One of my favorite books of all time is Patricia Schultz' 1,000 Places to See Before You Die. Not because it's great literature, but because it helps me keep track of the places I've been, and the little vicarious thrills I get just thinking about traveling to new places.
My high school friend Dawn gave it to me way back at Christmas 2006, when I visited her in Chicago. She had a copy too, and we agreed that we'd both flick through our respective copies and come up with somewhere to travel together by the same time next year.
We were in our early 20s, both living in expensive cities (I was in New York City), with little income to spare. And yet, that following September, we spent two weeks roaming around China. We strolled the Great Wall, sailed the Li river, marveled at the Terracotta Army, and gaped at the Potala Palace in Tibet. It was my first time in Asia, and I'll never forget it.
Since then I have been faithfully folding over the pages of the places I've visited, and jotting down when I've been. The most recent were The Book of Kells in Dublin, and Giant's Causeway in Northern Ireland: March 2016. Flipping back through, it conjures up so many memories: The Acropolis in Athens in November 2013; the Winter Palace in St. Petersburg in July 2013; Savannah's Historic District in January 2008; the Great Pyramids of Giza in December 2009. And so on. Each folded page brings back an "oh, yeah" moment, and a reminder that I've been unbelievably lucky to see so many places already -- and yet have so many left to go.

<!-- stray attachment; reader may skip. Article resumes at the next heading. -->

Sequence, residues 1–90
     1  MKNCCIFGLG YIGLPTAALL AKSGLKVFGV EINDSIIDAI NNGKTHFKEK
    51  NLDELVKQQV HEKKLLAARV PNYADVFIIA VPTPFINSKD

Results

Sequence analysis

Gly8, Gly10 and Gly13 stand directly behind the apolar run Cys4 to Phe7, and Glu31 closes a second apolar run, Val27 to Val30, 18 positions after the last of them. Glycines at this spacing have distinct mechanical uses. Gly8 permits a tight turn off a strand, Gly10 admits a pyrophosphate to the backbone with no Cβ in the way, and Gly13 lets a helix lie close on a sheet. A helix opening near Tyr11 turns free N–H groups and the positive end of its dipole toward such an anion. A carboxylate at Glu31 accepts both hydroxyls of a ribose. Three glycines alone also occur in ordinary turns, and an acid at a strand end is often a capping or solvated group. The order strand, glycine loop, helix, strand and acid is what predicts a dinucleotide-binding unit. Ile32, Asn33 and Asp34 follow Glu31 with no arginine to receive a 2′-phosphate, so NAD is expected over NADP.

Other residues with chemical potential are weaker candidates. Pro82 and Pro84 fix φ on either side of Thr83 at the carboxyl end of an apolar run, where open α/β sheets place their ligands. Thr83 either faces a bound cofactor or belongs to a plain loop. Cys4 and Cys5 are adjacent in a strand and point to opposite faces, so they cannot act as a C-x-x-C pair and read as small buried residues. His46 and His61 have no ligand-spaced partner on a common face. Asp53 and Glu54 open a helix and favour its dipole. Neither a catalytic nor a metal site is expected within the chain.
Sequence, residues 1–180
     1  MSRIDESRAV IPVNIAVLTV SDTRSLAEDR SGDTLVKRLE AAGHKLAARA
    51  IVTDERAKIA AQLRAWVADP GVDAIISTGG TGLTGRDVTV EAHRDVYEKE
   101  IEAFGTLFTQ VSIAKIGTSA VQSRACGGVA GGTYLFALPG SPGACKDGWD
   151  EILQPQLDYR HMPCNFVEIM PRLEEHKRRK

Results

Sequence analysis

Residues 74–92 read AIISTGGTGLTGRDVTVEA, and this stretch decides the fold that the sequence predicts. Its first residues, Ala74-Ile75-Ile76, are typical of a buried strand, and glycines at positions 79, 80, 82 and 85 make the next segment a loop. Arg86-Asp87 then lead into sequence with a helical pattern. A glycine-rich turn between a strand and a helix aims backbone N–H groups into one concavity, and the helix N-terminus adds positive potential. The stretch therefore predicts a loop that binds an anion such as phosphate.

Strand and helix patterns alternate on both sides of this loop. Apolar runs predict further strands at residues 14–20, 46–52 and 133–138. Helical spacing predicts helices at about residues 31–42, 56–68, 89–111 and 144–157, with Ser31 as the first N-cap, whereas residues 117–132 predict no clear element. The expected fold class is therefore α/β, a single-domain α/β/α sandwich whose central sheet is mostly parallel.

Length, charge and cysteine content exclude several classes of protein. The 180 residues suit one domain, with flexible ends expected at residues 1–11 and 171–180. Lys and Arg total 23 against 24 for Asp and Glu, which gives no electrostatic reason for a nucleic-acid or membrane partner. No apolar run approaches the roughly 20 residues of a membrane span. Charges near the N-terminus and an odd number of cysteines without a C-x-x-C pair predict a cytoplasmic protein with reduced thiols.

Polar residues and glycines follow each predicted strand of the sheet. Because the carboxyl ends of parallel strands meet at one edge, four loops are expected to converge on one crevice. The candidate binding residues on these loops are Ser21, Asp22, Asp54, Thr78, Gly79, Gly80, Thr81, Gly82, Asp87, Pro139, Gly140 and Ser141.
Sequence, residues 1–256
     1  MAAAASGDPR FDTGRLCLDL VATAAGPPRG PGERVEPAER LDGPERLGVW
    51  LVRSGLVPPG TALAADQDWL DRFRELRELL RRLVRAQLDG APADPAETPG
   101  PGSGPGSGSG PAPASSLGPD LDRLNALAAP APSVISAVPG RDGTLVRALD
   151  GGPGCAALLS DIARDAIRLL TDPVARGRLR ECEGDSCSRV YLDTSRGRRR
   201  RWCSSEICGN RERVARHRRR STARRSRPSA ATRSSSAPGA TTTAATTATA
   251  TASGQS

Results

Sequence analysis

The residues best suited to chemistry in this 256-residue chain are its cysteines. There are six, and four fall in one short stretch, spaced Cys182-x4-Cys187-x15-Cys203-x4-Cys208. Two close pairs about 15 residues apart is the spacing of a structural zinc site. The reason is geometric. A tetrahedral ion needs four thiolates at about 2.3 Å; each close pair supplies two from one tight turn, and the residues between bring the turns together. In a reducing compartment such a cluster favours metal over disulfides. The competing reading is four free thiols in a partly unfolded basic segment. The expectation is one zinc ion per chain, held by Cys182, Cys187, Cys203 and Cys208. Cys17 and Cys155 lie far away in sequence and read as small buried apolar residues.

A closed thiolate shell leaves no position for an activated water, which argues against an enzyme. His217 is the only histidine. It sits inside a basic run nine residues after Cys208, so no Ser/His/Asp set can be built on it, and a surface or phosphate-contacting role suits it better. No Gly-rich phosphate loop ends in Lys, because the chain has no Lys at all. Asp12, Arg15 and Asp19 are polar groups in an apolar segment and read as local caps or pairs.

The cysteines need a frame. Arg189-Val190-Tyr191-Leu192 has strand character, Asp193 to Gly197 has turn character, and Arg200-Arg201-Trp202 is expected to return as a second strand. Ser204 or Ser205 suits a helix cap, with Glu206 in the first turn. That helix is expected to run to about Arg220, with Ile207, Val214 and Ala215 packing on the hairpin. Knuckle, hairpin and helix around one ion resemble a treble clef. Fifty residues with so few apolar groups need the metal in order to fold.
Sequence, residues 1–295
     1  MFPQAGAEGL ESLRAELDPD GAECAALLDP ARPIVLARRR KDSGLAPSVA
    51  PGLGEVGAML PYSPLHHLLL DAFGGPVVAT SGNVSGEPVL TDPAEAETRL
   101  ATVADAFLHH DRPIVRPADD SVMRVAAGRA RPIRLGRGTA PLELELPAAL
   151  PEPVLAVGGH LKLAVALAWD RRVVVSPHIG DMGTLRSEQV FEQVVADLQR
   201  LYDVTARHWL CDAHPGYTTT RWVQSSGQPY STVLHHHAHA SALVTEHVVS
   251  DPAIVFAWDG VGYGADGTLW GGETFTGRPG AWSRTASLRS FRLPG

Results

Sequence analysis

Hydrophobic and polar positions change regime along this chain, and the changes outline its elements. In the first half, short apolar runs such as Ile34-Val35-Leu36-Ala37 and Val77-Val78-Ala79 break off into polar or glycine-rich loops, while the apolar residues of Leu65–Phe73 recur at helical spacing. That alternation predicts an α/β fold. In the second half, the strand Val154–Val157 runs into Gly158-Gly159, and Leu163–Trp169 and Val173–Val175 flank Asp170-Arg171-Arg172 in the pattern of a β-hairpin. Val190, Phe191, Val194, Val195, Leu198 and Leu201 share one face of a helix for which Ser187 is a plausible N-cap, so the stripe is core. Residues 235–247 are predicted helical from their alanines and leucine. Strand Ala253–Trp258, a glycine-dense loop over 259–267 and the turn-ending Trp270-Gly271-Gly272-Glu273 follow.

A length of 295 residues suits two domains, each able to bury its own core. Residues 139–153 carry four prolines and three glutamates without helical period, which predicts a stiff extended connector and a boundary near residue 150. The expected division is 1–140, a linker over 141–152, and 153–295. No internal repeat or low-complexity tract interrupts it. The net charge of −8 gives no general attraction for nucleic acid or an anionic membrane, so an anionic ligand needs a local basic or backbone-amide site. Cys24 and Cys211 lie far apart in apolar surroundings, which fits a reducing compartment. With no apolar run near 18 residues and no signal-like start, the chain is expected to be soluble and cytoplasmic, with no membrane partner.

A lot of places are missing from my first edition of the book. There is no Dubrovnik, no Burano, no Bagan. So it's by no means exhaustive. Still, it helps me get a good sense of the major areas I'd still love to go. There are two main parts of the world I have yet to set foot in: South America and Sub-Saharan Africa. I'm hoping to check one of them off my bucket list this year.
Or there's always next year. What a big world it is out there. I don't think I'll be able to die for quite some time--there's just too much to see.